Scientists explore mosquitoes’ radar that tells them who to bite

The research could be used to produce repellents for the insects.
Loukia Papadopoulos
How do mosquitos choose who to bite.jpg
How do mosquitos choose who to bite?


Anyone who has ever been bitten by a mosquito has wondered why are these insects attracted to me? Now, Johns Hopkins Medicine researchers may have an answer, according to a press release published last month.

They claim they have mapped specialized receptors on the insects’ nerve cells that are able to fine-tune their ability to detect particularly “welcoming” odors in human skin.

“Understanding the molecular biology of mosquito odor-sensing is key to developing new ways to avoid bites and the burdensome diseases they cause,” said Christopher Potter, Ph.D., associate professor of neuroscience at the Johns Hopkins University School of Medicine.

The new research is crucial as mosquito-borne diseases such as malaria, dengue fever, and West Nile virus afflict 700 million people and kill 750,000 each year. The hope of the research is to find better repellents that can interfere with odorant attraction.

Potter says the insects use multiple senses to find hosts (odorant, gustatory and ionotropic), but odorant receptors are thought to help mosquitoes distinguish between animals and humans while gustatory receptors detect carbon dioxide. 

For this work, Potter and postdoctoral researchers Joshua Raji and Joanna Konopka focused on ionotropic receptors because of their ability to guide a mosquito to prefer one type of human skin over another by responding to acids and amines. They looked for them in the insects' antennae.

Pinpointing genetic materials

They used a technique called fluorescent in situ hybridization, which pinpoints not the receptors themselves, but genetic material called RNA, a cousin of DNA. "Finding RNA linked to ionotropic receptors means that the neurons are highly likely to be producing such receptors," claimed the researchers.

The scientists noted that they found the majority of ionotropic receptors in the distal (farthest from the head) part of the antennae and that the antennae had more ionotropic receptors in the proximal (near the head) part of the mosquitoes. 

The results indicate that antennae are more complex than previously assumed.

Ionotropic receptors are known to work with “partner” receptors to respond to odors, “kind of like a dance partner,” added Potter. The research was also successful in pinpointing some pairings of receptors that predicted if an ionotropic receptor would respond to acids or amines, noted the statement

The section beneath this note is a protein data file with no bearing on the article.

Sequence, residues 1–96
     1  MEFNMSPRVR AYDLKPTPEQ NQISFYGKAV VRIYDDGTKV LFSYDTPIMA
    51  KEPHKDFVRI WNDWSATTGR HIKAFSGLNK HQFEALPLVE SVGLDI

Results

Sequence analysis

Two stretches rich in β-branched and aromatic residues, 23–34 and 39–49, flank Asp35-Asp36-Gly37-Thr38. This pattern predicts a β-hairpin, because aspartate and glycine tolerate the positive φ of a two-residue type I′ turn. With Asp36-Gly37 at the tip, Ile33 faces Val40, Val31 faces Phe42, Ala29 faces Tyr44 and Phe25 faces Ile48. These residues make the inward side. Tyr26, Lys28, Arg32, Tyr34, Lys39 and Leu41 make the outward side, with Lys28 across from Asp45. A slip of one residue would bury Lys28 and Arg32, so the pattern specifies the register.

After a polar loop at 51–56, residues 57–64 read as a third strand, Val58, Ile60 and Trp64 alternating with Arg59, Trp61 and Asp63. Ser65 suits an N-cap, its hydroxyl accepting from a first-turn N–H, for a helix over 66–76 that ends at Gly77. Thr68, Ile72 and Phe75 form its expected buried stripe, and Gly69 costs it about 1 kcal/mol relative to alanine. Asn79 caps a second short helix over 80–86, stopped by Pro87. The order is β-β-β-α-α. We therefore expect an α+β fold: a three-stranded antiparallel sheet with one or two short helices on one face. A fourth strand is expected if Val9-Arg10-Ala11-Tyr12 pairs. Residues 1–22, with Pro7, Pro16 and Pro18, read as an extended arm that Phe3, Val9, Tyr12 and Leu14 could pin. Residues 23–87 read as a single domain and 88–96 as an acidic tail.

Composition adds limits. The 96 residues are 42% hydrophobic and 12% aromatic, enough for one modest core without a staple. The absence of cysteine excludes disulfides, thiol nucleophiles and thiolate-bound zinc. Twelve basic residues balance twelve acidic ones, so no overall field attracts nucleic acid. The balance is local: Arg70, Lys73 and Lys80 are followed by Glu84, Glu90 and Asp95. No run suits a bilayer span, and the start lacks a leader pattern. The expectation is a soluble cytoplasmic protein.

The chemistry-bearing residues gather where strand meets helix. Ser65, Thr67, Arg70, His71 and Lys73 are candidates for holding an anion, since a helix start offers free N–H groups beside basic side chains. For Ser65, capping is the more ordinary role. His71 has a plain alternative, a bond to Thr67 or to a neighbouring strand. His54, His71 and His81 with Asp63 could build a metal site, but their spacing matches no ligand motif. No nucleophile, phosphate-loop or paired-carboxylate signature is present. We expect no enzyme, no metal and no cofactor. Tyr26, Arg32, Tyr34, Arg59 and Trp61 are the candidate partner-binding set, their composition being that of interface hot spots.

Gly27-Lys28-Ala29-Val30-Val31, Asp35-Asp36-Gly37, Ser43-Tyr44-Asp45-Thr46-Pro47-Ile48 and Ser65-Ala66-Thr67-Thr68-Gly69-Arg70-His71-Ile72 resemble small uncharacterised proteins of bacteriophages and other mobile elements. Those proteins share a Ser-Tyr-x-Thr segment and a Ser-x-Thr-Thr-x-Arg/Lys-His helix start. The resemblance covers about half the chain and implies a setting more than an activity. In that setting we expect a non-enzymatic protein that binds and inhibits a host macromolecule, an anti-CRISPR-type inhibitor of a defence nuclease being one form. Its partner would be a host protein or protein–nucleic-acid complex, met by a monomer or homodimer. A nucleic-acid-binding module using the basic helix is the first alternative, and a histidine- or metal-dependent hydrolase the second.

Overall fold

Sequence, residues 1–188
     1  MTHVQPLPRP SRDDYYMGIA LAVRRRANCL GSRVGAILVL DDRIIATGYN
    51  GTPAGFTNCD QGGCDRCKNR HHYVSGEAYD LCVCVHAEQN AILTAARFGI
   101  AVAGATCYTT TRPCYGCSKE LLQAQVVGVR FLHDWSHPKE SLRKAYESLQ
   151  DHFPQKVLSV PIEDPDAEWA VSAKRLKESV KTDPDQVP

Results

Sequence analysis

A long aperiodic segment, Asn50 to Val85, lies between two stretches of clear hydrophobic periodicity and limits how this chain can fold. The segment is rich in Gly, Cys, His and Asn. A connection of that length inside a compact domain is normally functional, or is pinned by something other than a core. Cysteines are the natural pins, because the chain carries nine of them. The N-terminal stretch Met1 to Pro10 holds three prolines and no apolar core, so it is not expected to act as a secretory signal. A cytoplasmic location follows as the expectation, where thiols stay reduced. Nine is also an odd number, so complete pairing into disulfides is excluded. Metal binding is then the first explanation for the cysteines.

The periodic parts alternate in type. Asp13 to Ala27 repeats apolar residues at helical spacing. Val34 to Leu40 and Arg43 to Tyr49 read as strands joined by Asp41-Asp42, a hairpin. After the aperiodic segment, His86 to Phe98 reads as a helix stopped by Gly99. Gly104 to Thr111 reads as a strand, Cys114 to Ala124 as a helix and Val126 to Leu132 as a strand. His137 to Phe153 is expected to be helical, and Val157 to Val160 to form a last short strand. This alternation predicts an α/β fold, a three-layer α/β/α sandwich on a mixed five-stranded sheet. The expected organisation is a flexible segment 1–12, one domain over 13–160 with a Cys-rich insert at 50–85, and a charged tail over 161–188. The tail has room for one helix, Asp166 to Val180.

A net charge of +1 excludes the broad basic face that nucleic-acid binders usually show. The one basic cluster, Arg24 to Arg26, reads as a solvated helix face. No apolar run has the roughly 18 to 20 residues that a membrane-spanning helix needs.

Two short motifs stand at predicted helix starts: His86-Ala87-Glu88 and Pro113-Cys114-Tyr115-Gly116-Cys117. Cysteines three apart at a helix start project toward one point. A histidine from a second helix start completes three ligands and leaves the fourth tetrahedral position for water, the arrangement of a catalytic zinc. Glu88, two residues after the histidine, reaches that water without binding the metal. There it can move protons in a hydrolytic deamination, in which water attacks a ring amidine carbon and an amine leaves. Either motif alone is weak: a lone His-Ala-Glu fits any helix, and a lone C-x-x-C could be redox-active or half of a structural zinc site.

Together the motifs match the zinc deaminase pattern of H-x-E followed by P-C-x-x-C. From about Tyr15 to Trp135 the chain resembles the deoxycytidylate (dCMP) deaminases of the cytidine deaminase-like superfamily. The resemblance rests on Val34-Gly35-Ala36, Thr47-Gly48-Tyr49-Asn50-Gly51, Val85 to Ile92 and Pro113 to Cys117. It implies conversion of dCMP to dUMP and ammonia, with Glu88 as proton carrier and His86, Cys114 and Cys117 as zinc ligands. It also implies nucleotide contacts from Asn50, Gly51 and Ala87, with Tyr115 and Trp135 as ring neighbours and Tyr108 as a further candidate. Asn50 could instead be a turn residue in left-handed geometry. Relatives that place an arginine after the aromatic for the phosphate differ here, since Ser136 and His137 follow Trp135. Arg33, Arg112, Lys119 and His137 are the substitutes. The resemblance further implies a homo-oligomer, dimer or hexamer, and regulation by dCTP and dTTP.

All this means that scientists are a few steps closer to finding possible mosquito repellents that actually work. This development, if successful, would allow humans to be better protected from the many diseases the insects bring. 

The study is published in Cell Reports.

Study abstract:

The mosquito’s antenna represents its main olfactory appendage for detecting volatile chemical cues from the environment. Whole-mount fluorescence in situ hybridization of ionotropic receptors (IRs) expressed in the antennae reveals that the antenna might be divisible into proximal and distal functional domains. The number of IR-positive cells appear stereotyped within each antennal segment (flagellomere). Highly expressed odor-tuning IRs exhibit distinct co-localization patterns with the IR coreceptors Ir8a, Ir25a, and Ir76b that might predict their functional properties. Genetic knockin and in vivo functional imaging of IR41c-expressing neurons indicate both odor-induced activation and inhibition in response to select amine compounds. Targeted mutagenesis of IR41c does not abolish behavioral responses to the amine compounds. Our study provides a comprehensive map of IR-expressing neurons in the main olfactory appendage of mosquitoes. These findings show organizing principles of Anopheles IR-expressing neurons, which might underlie their functional contribution to the detection of behaviorally relevant odors.

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